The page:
Dear Dr. Craig, Thank you for your ministry which has been a blessing to me in strengthening my Christian conviction. I'm wondering if the problem of pain is coherent based on definitional grounds. Granted that there is pain in the universe, suppose it was eliminated. Atheists would no longer be able to argue that a loving God would not allow his creatures to experience pain – pain would simply no longer be a part of the universe. But there would still be discomfort. And an atheist could argue that a loving God would not allow his creatures to suffer discomfort. And if discomfort were eliminated from the universe, inconvenience would remain, and the atheist could still make the same argument about that. It would appear that pain is therefore just one species of unhappiness along with discomfort, inconvenience, boredom, and so on. It seems to me that the atheist has to say what is so different about pain relative to the other species of unhappiness, that is, the atheist has the obligation to define pain in a clear and distinct way. Further, the atheist would have to relate that distinction to what would be expected from a loving God. Perhaps I have not read widely enough, but I am not sure if atheists have done this. If the atheist cannot make the distinction then he or she seems committed to the argument that a loving God would never allow his creatures to experience unhappiness. That argument would seem to be more easily challenged. Example: it could be converted to the proposition that a loving God would always ensure his creatures are happy. In such a situation, the Christian would be defending the proposition that a loving God would permit his creatures to suffer unhappiness. This seems to be easier as, for example, it would have less involvement of the emotional aspects of pain. Can you please tell me if this is a valid argument? From Malcolm.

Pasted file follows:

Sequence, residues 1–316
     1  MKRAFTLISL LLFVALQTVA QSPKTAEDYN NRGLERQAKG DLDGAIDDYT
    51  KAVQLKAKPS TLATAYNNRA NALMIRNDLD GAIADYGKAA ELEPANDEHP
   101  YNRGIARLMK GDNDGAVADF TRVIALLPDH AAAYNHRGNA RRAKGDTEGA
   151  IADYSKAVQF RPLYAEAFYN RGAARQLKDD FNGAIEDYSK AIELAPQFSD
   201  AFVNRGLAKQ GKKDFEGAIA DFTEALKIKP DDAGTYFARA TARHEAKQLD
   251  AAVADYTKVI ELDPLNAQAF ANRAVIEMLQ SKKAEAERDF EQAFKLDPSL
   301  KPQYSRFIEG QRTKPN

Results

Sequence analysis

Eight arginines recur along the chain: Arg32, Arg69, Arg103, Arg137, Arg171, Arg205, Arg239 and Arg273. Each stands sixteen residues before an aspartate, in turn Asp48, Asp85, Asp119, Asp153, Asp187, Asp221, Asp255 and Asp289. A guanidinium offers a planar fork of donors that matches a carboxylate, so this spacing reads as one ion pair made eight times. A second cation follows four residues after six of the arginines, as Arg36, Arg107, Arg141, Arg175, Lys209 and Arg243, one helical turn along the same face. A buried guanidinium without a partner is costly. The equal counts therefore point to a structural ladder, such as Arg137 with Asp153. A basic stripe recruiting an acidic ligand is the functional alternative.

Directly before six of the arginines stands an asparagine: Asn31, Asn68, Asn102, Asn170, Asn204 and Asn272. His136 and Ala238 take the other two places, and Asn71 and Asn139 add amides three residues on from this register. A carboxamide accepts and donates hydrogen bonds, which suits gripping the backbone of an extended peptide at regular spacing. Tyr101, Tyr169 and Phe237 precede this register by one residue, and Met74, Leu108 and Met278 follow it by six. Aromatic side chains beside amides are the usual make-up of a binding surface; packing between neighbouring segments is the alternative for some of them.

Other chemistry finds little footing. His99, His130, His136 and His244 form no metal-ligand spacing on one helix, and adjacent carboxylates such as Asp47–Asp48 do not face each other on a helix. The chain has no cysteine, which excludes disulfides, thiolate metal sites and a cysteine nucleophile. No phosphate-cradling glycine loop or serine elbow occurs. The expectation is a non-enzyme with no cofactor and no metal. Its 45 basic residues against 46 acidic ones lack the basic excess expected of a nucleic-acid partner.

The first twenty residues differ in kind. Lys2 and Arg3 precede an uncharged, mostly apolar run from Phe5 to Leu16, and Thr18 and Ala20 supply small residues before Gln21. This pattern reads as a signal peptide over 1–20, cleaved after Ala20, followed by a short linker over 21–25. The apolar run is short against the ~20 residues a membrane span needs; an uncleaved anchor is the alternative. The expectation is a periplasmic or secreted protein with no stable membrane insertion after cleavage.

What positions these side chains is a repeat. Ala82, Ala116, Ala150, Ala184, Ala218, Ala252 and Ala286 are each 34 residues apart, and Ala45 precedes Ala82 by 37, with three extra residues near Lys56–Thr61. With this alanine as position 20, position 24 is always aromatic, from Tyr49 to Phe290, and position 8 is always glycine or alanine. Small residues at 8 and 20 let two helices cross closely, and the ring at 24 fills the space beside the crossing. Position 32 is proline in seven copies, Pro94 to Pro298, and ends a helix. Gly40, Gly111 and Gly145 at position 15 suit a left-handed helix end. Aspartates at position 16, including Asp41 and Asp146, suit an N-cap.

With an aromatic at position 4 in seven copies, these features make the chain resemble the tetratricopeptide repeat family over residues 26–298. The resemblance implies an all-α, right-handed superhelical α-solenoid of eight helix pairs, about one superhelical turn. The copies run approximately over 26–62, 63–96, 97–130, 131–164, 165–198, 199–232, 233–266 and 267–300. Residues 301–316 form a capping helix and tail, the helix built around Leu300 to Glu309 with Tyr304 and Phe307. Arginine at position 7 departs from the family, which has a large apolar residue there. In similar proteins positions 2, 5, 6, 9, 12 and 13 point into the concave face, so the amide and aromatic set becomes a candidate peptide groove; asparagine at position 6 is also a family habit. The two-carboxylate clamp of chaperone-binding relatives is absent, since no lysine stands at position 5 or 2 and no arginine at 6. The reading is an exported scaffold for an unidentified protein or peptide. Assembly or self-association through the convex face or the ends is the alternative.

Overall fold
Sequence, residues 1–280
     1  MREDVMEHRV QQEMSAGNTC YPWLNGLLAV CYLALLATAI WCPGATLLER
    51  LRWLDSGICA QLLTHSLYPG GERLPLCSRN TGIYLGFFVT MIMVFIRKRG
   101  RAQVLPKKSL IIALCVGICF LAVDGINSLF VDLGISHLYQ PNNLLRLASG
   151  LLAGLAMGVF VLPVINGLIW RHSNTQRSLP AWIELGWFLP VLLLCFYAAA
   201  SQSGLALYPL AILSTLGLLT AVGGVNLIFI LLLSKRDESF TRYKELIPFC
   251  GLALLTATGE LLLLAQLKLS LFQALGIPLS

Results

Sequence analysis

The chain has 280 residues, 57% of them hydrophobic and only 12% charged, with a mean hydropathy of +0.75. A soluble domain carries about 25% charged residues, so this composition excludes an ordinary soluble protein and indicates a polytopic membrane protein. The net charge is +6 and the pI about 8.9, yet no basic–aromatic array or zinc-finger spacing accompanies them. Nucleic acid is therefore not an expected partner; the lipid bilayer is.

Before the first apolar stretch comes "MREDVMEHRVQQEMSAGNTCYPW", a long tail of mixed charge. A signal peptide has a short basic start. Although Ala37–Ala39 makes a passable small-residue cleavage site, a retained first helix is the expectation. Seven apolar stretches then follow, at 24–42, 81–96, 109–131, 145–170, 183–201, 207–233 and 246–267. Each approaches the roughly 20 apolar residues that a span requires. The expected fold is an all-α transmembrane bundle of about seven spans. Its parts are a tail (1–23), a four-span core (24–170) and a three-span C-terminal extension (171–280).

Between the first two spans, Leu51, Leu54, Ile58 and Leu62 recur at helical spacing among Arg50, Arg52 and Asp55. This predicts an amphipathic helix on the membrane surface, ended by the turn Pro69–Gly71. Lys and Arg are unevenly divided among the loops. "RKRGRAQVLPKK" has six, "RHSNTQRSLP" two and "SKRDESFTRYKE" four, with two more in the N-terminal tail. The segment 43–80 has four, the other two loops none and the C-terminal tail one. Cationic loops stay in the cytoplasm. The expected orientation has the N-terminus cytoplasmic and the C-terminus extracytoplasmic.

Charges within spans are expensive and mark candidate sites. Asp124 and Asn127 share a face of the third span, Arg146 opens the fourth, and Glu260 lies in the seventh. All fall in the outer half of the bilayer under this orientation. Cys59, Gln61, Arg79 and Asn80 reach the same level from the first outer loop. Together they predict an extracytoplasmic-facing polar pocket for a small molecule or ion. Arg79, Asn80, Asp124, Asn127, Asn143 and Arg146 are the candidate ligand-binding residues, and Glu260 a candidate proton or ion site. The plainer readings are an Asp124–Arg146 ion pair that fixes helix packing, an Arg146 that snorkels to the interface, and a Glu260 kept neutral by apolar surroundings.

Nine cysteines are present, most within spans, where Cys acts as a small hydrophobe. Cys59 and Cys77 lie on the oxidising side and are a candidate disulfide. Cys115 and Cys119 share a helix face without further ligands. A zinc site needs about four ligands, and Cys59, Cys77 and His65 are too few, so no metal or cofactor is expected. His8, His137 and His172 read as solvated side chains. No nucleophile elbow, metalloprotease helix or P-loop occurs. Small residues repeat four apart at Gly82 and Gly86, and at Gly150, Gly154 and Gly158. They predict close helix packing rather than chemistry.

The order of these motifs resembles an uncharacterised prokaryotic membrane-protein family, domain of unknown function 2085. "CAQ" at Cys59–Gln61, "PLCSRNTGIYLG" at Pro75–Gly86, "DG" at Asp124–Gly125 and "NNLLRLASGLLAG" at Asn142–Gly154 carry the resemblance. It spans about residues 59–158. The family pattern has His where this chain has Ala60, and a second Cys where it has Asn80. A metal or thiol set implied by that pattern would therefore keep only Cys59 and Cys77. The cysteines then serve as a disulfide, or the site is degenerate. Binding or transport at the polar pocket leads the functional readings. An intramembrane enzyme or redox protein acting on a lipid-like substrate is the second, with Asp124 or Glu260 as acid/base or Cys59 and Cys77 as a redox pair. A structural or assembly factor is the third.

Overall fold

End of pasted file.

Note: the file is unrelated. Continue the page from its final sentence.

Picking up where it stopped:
DR. CRAIG: This is a point that has occurred to me, and I think Malcolm has expressed it very well. Not only is it the fact that even if pain were eliminated you could still have things to complain about, but pain could be a lot worse than it is. As Richard Swinburne has pointed out, there is a kind of upper threshold to the pain that the human organism can experience and then we just black out. It's not as though there's an infinite scale of pain that we might go through, as awful as it is. So pain could be a lot, lot worse than it is. But then, as Malcolm says, if you eliminate pain there would still be grounds for complaint: discomfort. You eliminate discomfort then there's inconvenience. So that, in one sense, no matter where on the scale you are, the atheist can always have something to complain about and indict God for. I think that he is quite right in saying that it would be very difficult for the atheist to prove that if a loving God exists that he would always ensure that his creatures are happy. That would be to treat the creatures not as serious moral agents but as spoiled immature brats. So I like the argument. I think it does help to put the problem of pain in perspective and gives the atheist something to think about.[1]


[1] Total Running Time: 11:51 (Copyright © 2021 William Lane Craig)